Intel XeSS is similar to NVIDIA's DLSS (deep learning super sampling) and AMD FSR (FidelityFX Super Resolution) in that it uses technology (hardware-dependent AI for NVIDIA, hardware-independent post-processing algorithm for AMD) to upscale games to a higher resolution with sharper details.
In a video demo of Intel's technology, XeSS upscale a forthcoming game named Dolmen from 1080P up to 4K, with extra clarity in detail from the XeSS applied version.
Intel Deep Link is similar to AMD SmartShift in that it can draw extra resources when required for specific tasks. Intel's Dynamic Power Share lets the CPU draw more power when the GPU is underutilized, while the GPU can draw more power when the situation is reversed.
Demo: Intel Deep Link and XMX with Topaz Labs.
Another feature of Deep Link is Hyper Encode, which can simultaneously leverage all the available media encode engines on the CPU (iGPU) and dGPU. The same principle applies to Intel Hyper Compute with XMX, which uses all the available compute engines or AI accelerators on an Intel platform to "accelerate creation," such as Topaz Labs AI-enabled photo and video enhancing applications.
AOMedia Video 1 (AV1), developed by the Alliance for Open Media (AOMedia), which includes Microsoft, Arm, Apple, Netflix, Samsung, NVIDIA, Amazon, is still very new. Intel is supporting the tech directly in its Arc A-series GPUs. Indeed, Intel claims this is the industry's first full AV1 hardware acceleration GPU both for decoding and encoding.
Compared to H.264 (50% less efficient) and HEVC (20% less efficient), AV1 is royalty-free, open-source, and it can do more with less ensuring better fidelity for game and video streaming in the coming years. Apps such as FFMPEG, Adobe Premiere Pro, DaVinci Resolve, XSplit, and Handbrake already support AV1 today.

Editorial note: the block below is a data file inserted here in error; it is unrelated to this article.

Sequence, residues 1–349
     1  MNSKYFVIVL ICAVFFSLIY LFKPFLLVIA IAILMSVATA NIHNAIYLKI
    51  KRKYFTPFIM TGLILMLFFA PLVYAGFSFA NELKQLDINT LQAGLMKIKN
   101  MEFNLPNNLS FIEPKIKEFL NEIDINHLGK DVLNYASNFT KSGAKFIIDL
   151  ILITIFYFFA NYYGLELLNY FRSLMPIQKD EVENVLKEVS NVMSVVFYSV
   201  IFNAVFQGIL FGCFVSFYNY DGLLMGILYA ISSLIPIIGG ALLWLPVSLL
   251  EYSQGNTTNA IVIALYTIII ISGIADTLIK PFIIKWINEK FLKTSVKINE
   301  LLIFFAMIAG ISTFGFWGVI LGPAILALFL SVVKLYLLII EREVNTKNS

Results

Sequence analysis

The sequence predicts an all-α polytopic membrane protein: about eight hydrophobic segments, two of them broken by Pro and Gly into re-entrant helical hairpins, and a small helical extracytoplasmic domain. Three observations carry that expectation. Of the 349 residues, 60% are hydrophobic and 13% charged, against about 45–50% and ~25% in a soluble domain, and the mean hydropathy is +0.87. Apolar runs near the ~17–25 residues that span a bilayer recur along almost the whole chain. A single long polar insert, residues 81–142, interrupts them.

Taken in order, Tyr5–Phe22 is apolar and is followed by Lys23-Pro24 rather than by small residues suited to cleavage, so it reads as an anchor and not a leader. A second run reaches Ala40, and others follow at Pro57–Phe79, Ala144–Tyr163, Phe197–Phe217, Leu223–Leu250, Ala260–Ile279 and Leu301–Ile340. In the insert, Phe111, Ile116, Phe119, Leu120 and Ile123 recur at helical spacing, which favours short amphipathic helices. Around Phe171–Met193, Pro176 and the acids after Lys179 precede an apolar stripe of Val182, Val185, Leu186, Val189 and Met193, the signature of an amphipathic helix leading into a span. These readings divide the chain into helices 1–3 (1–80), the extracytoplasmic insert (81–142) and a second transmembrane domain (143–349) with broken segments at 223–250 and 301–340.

Intel Arc: Pricing and availability
The first laptop to launch/is available for preorder with Intel's Arc 3 graphics is the new 15-inch Galaxy Book2 Pro (not the 360 models). However, other laptops are on the way from basically every PC OEM around, including Lenovo, HP, Dell, Acer, ASUS, and MSI. The most affordable of which starts at $899.
We'll be putting Arc 3 (and 5 and 7 later this summer) through its paces in our forthcoming reviews. It should be interesting to see how Intel's first discrete GPU in a long time competes against NVIDIA and AMD. At least on paper, Intel seems to be getting a lot right out the gate.
Finally, Intel teases that for "desktop enthusiasts," its Intel Arc graphics add-in-cards will also be coming this summer.
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Daniel Rubino is the Editor-in-chief of Windows Central, head reviewer, podcast co-host, and analyst. He has been covering Microsoft since 2007 when this site was called WMExperts (and later Windows Phone Central). His interests include Windows, laptops, next-gen computing, and for some reason, watches. Before all this tech stuff, he worked on a Ph.D. in linguistics, watched people sleep (for medical purposes!), and ran the projectors at movie theaters because it was fun.
Seems pretty power-hungry.
I doubt you will see any ARC 7 chips in anything but discrete add-in Cards in PCs due to the power budget, and the ARC 5 seems too power-hungry for anything but Gaming PCs (yet is less powerful than a GTX 1650 Ti.) The ARC 3 is little better than the Nvidia MX450 with up to a 50 W power budget. A RTX 3050 will spank it. BUT, with Intel's marketing muscle and the inevitable bundling deals they will offer with their 12th Gen CPUs and chipsets, I predict you will see LOTS of these in "thin and light" laptops by August 2022 (lets hope they have solid W10/11 drivers available too.) As long as the price is right, it's still way better than integrated GPUs. I wonder if they need a dedicated MUX to the display or they shove all traffic through the Intel integrated GPU buffer? I guess we will find out when they are available for review.
Stick one in a tablet PC and I'll be happy.